Disclaimer: I am not on the .NET Core Team. I used the tools available publicly and have no insights into the future of .NET Core. It looks very bright though. :)
The working source code for this project can be found here.
A complete list of post in this series is included below :
- Day 1 - Installing and Running .NET Core on a Windows Box
- Day 2 - Taking a Look at the Visual Studio Templates for .NET Core
- Day 3 - Running a .NET Core app on a Mac
- Day 4 - Creating a NuGet Package from .NET Core app
- Day 5 - Creating a Test Project from .NET Core
- Day 6 - Migrating an existing .NET Core to csproj
- Day 7 - Creating an ASP.NET Core Web Application
- Day 8 - Using Visual Studio Code with a .NET Core Console Application
In this post, we’re going to look at how to migrate an existing .NET Core app to MSBuild.
But first, the why?
Remember when we created a new .NET Core Console app and examined the contents what we found? That’s right, two files :
When we start to look at the roadmap of .NET Core, we will quickly see that MSBuild is replacing project.json. In fact if you create a new .NET Core app using the MSBuild template (available with the latest preview), you will see the following files :
The key takeaway here is that you may have .NET Core apps that use
project.json that you might want to replace with
msbuild.csproj in the future. This is what I intend to talk about today.
Installing the latest SDK
Before we begin, make sure you have the app found here if you want to follow along.
We are going to begin by downloading the latest SDK. Start by heading out to the GitHub repo and downloading the file located below.
Go ahead and run through the installer and make sure you close the command prompt and open it back up if it was already open.
Now run the command
dotnet --info and you should see the following (or higher depending on when you read this blog post)
Product Information: Version: 1.0.0-rc4-004828 Commit SHA-1 hash: 58b6a0810f Runtime Environment: OS Name: Windows OS Version: 10.0.14393 OS Platform: Windows RID: win10-x64 Base Path: C:\Program Files\dotnet\sdk\1.0.0-rc4-004828
If that is what you have, then it is OK to move forward.
Taking a quick look at the commands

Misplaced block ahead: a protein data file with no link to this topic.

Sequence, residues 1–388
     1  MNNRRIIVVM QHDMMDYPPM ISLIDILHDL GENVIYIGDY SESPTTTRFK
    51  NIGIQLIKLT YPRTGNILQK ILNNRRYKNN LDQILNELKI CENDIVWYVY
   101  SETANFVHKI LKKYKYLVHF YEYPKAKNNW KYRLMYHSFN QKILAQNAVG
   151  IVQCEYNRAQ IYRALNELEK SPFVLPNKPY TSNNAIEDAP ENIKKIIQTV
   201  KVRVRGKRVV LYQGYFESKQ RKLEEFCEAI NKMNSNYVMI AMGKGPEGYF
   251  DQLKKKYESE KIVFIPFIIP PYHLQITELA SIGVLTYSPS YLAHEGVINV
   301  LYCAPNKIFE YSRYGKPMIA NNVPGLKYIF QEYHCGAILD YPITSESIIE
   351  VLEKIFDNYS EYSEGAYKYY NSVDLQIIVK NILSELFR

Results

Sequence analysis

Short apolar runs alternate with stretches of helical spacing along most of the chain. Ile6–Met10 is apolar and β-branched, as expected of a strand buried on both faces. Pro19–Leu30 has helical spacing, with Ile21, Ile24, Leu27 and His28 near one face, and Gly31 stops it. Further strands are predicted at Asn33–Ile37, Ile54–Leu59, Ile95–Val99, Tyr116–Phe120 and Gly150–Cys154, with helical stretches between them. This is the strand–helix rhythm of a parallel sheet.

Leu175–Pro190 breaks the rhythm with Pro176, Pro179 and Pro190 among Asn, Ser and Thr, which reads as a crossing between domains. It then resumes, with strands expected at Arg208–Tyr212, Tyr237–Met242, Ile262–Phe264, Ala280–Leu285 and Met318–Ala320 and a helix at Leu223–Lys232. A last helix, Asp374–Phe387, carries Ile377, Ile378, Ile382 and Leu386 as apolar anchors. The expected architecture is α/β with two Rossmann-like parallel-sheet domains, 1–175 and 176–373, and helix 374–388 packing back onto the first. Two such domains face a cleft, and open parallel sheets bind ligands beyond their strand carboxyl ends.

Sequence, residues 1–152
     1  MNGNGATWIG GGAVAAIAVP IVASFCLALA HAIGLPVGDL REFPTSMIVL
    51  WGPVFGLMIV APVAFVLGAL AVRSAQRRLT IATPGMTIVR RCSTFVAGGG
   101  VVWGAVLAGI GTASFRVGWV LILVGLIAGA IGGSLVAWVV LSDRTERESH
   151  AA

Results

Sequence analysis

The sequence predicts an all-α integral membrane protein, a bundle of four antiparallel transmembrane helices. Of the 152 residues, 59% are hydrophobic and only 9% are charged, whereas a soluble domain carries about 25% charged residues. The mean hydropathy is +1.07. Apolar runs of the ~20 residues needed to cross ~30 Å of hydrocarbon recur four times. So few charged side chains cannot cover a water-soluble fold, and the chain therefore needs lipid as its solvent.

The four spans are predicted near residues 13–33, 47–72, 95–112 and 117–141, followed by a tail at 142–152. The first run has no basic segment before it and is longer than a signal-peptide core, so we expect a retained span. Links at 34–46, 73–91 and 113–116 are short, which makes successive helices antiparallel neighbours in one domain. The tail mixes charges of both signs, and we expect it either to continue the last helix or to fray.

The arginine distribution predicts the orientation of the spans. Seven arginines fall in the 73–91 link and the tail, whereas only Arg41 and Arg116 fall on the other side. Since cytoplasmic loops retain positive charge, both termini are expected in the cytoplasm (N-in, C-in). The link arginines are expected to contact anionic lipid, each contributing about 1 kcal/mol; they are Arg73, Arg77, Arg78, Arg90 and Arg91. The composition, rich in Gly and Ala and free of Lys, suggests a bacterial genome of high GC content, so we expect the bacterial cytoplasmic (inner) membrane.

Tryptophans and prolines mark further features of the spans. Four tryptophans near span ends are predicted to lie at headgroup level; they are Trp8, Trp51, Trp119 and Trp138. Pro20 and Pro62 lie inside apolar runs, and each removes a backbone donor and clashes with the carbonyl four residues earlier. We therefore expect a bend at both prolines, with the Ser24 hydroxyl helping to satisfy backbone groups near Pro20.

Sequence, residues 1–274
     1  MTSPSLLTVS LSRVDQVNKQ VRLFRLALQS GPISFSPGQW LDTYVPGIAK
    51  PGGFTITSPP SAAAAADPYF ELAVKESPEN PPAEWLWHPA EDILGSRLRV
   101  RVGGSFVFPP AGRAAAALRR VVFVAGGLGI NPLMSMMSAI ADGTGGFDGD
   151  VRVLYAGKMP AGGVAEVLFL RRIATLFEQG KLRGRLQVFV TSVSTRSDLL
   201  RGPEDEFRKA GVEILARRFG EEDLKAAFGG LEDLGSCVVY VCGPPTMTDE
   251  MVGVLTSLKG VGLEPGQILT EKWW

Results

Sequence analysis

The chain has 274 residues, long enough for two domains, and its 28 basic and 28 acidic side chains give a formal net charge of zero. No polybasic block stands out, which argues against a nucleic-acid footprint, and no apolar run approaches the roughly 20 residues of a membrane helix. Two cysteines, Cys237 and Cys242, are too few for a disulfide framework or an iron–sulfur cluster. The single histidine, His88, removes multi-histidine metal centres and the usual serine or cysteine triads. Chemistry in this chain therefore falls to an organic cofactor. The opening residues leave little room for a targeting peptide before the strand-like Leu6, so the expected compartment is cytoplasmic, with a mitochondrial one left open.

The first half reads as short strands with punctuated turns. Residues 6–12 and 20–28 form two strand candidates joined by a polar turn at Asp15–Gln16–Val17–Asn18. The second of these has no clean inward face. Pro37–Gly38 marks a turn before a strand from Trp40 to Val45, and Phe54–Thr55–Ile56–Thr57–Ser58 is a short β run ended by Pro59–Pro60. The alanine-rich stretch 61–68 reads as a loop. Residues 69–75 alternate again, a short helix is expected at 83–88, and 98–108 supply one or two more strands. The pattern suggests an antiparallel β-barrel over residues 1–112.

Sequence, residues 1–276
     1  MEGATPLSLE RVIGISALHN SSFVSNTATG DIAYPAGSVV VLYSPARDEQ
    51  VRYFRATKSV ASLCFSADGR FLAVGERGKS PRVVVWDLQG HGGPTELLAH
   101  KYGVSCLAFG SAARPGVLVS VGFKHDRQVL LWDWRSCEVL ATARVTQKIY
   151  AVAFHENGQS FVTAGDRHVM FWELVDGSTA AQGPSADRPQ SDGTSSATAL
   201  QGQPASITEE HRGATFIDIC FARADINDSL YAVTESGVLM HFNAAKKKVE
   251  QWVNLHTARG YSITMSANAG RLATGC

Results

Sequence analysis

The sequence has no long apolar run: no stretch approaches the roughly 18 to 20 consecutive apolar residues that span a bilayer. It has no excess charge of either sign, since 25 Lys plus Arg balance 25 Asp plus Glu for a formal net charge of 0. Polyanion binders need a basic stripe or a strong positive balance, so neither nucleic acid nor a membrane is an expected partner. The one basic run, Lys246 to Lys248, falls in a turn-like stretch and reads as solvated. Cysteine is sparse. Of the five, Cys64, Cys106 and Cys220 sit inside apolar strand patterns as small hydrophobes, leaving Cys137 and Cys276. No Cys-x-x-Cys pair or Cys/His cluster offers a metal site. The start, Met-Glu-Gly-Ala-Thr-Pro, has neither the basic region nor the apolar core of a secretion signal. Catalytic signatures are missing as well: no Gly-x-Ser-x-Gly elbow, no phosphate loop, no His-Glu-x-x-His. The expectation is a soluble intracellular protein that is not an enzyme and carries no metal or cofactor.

After installing the new bits, if you run
dotnet help then you will see a couple of new commands. Here is a full list:
Commands: new Initialize .NET projects. restore Restore dependencies specified in the .NET project. build Builds a .NET project. publish Publishes a .NET project for deployment (including the runtime). run Compiles and immediately executes a .NET project. test Runs unit tests using the test runner specified in the project. pack Creates a NuGet package. migrate Migrates a project.json based project to a msbuild based project. clean Clean build output(s). sln Modify solution (SLN) files.
The one that we’re interested in is
Tip: If you ever want to look at the commands in the source code, then check out this page.
Using dotnet migrate
Begin by running
dotnet help migrate
Arguments: <PROJECT_JSON/GLOBAL_JSON/SOLUTION_FILE/PROJECT_DIR> The path to one of the following: - a project.json file to migrate. - a global.json file, it will migrate the folders specified in global.json. - a solution.sln file, it will migrate the projects referenced in the solution. - a directory to migrate, it will recursively search for project.json files to migrate. Defaults to current directory if nothing is specified.
You will see a couple of options, we are just going to navigate inside the proper directory and run the
dotnet migrate command. It will output the following :
Project NetCoreConsoleApp migration succeeded (C:\Users\mbcrump\Documents\Visual Studio 2015\Projects\NetCoreConsoleApp\src\NetCoreConsoleApp). Summary Total Projects: 1 Succeeded Projects: 1 Failed Projects: 0 The project migration has finished. Please visit https://aka.ms/coremigration to report any issues you've encountered or ask for help. Files backed up to C:\Users\mbcrump\Documents\Visual Studio 2015\Projects\NetCoreConsoleApp\src\NetCoreConsoleApp\backup\
We see that the project succeeded and it created a backup folder which contains our
So what do we have now in our directory?
If we type
dir then we will see a new .csproj file as shown below :
02/15/2017 06:58 PM <DIR> . 02/15/2017 06:58 PM <DIR> .. 02/07/2017 04:59 PM 314 Account.cs 02/15/2017 06:58 PM <DIR> backup 02/13/2017 06:31 PM <DIR> bin 02/15/2017 06:58 PM 887 NetCoreConsoleApp.csproj 02/07/2017 04:41 PM <DIR> obj 02/08/2017 07:04 PM 1,094 Program.cs 02/07/2017 04:10 PM <DIR> Properties 3 File(s) 2,295 bytes 6 Dir(s) 53,236,098,048 bytes free
Back to Visual Studio
If you try to open the project in Visual Studio 2015 then you will see the following error:
This cryptic error just means that VS 2015 is not supported. If you want to open this project then you will need to install the Visual Studio 2017 release candidate.
Once that is resolved you should be good to go!
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